SENDING COURT DAMAGES TO STATE COFFERS
June 2, 2004
California Gov. Arnold Schwarzenegger's new budget will try to raise nearly $500 million by taking 75 percent of the punitive damages that California juries award to plaintiffs in injury cases. Eight other states already have similar "split-recovery" laws, which give part of punitive awards to state funds or specific programs.
Gov. Schwarzenegger's proposal will also limit lawyer fees in injury cases and protect defendants from multiple trials for similar conduct.
Punitive damages, unlike compensatory damages, punish defendants who engage in "egregious wrongdoing." While the revenues from punitive awards would be a windfall for California's budget, some legal experts are critical of such plans:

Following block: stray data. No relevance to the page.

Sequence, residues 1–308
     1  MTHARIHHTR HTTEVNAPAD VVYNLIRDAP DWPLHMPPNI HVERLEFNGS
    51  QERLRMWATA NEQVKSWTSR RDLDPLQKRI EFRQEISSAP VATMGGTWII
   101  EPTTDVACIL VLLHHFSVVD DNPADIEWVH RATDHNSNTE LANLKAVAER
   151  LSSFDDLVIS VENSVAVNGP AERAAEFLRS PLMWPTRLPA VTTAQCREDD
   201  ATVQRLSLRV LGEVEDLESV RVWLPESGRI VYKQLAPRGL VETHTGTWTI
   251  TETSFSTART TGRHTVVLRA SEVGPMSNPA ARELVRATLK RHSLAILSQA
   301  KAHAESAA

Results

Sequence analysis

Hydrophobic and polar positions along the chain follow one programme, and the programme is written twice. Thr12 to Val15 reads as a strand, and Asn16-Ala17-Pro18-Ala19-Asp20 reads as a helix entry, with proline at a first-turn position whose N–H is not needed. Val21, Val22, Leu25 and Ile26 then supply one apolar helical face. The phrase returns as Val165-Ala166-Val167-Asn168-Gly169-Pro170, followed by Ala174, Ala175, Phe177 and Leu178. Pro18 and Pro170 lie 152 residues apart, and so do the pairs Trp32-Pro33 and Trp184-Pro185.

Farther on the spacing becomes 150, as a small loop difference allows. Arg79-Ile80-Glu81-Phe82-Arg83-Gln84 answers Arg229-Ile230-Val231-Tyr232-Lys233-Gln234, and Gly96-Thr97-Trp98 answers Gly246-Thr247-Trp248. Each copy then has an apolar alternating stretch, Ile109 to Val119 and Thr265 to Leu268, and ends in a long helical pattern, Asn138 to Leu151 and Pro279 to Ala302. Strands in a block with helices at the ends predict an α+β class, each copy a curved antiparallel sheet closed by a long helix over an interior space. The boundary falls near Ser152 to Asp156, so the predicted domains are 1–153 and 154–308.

- The Colorado Supreme Court struck down one split-recovery law as an unconstitutional taking of private property.
- Allowing a single punitive award against a defendant for multiple instances of bad conduct "would all but incentivize misconduct by major corporations," says James C. Sturdevant, president of Consumer Attorneys of America.
- If a juror knows that an award will be used to alleviate a tax burden, he may be more likely to approve a larger than normal sum, according to Victor Schwartz of the American Tort Reform Association.
Supporters of the proposed legislation claim that punitive damages should compensate those who were unconnected to a particular lawsuit but were still harmed by the defendant.
A review by California's Legislative Analyst's Office said that collecting $200 million from punitive awards was a more realistic estimate than the $500 million that Schwarzenegger expects.
Source: Adam Liptak, "Schwarzenegger Sees Money for State in Punitive Damages," New York Times, May 30, 2004.
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